Dan Snierson
May 10, 2002 AT 04:00 AM EDT

It’s the law of TV: For every Scrubs, there shall be four Emerils, three Wolf Lakes, and one Men, Women & Dogs. That’s why the networks are forced each spring to search near, far, and behind Chevy Chase for the hits of next season. For example, Fox has hopes for a dramedy about teen septuplets chilling in their family’s hotel. (Will they ever learn? Hotel-set dramas about teen septuplets never work!) Before the nets choose their slates, here’s a look at the fall possibilities. — Dan Snierson

Today’s lesson: overcrowding in boarding school comedies. Fox’s BS takes us inside an all-girls institution, while ABC’s Essex Prep features teachers at an all-boys academy. Meanwhile, The WB is doubling its course load with the coed Prep and St. Sass, starring Delta Burke as a socialite sentenced to work as a dorm mother. Or you could just wait for another Facts of Life reunion.

The networks are planning so many trips down memory lane, they ought to widen it into a freeway. Witness three 1960s-set series: The WB’s In My Life, a drama about a group of Louisiana boys; NBC’s Our Generation, a family drama using American Bandstand footage; and Fox’s Oliver Beene, a sitcom involving an 11-year-old boy and his dysfunctional family. For those yearning to see a man relive high school in the ’80s, check out ABC drama That Was Then—and The WB sitcom Do Over.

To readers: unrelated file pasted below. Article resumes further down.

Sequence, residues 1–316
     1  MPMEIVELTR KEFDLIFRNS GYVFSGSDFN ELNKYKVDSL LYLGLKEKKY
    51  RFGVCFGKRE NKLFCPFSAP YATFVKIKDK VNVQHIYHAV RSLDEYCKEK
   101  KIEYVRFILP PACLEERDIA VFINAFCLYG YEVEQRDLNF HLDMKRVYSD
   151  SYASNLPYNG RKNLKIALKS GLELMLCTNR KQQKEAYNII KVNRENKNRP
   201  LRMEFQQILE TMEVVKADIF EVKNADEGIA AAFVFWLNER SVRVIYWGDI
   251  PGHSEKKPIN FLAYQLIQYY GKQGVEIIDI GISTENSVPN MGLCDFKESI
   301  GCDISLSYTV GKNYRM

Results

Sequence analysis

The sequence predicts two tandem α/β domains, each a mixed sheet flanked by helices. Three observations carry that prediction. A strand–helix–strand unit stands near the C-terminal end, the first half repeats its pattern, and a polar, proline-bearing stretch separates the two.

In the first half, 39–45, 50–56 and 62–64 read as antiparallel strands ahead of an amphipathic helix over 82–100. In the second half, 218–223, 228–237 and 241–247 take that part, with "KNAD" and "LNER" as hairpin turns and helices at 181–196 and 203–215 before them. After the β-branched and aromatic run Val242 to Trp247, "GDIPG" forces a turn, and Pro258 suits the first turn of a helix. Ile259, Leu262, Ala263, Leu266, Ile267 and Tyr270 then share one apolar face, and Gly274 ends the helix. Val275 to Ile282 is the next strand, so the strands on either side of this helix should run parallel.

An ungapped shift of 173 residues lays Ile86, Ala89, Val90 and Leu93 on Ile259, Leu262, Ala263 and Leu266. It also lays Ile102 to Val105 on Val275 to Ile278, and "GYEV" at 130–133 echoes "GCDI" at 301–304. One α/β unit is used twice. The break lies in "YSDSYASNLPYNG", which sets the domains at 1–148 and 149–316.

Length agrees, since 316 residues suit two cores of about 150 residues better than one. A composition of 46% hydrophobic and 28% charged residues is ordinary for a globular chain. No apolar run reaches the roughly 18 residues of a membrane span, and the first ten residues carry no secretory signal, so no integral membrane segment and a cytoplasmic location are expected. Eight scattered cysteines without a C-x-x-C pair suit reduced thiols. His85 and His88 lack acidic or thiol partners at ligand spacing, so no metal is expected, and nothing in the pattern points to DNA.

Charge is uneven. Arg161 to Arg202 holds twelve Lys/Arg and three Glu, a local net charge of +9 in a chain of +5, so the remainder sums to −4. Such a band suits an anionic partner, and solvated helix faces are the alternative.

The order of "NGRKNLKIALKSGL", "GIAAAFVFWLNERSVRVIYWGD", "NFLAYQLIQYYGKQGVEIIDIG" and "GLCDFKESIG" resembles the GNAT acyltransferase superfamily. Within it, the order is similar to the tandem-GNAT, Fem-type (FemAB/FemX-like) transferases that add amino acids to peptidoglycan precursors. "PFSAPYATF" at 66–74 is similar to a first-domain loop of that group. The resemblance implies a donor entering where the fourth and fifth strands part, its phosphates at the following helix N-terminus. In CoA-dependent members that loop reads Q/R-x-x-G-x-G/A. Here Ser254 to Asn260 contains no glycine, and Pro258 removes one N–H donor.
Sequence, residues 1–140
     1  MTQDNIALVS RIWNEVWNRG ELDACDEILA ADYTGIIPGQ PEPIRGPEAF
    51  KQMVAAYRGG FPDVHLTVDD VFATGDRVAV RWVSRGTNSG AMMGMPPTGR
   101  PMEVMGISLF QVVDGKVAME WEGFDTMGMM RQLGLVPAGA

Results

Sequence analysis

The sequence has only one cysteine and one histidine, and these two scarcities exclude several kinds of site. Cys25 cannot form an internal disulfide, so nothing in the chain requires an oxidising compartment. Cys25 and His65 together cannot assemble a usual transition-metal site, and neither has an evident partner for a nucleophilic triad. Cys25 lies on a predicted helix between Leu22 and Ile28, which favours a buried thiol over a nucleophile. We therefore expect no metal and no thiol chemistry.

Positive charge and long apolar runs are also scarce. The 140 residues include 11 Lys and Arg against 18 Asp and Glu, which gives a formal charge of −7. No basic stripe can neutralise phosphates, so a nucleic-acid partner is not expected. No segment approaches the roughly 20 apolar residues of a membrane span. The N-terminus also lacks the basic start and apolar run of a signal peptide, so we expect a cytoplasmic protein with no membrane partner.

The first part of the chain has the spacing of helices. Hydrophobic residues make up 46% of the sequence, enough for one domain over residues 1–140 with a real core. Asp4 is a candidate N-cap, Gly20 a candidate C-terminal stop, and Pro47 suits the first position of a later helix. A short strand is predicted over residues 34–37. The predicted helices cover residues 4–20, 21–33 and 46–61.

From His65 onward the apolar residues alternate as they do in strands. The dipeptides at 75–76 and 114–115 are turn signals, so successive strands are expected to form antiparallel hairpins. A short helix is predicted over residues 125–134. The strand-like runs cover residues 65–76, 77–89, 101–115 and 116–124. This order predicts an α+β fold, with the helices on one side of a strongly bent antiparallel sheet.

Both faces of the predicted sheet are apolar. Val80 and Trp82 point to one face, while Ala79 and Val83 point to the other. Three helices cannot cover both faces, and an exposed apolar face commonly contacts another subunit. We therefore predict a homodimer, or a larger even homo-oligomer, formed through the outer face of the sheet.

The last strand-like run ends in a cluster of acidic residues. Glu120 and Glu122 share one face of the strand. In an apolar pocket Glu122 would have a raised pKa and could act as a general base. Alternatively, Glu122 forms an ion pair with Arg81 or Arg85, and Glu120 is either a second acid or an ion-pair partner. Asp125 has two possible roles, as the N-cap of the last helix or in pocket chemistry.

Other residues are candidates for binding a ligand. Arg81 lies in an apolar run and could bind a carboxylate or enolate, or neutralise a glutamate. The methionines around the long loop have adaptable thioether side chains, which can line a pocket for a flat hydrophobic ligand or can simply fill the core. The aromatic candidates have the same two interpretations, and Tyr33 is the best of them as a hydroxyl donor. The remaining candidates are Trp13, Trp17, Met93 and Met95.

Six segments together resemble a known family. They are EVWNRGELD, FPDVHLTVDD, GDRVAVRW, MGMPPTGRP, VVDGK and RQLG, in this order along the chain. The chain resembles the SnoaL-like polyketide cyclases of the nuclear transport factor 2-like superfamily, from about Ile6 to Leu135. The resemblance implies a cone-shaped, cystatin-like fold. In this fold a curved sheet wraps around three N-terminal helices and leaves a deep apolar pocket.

Back in the day, you either wrote murder or diagnosed it. Now, thanks to CSI’s success, everyone’s on the case. Get set for investigative dramas tracking diseases (ABC’s Flashpoint), phenomena (ABC’s Miracles), missing persons (CBS’ Without a Trace), and Miami crimes (NBC’s Miss Miami and the Eye’s CSI: Miami, starring David Caruso). A second CSI? What’s next—a Law & Order spin-off?

How far are networks willing to stretch comedy concepts this fall? Pretty freakin’ far. Fox’s The Pitts chronicles the world’s unluckiest family—the literal descendants of the biblical Job. Fox comedy Life on Parole follows an officer whose best friend is one of his parolees (not to be confused with CBS’ untitled Marcia Gay Harden drama, about a woman who adopts the child of one of her parolees). And ABC’s Sun Gods offers salesmen hawking…solar paneling. Because when you think photovoltaic technology, you think knee-slapper, no?

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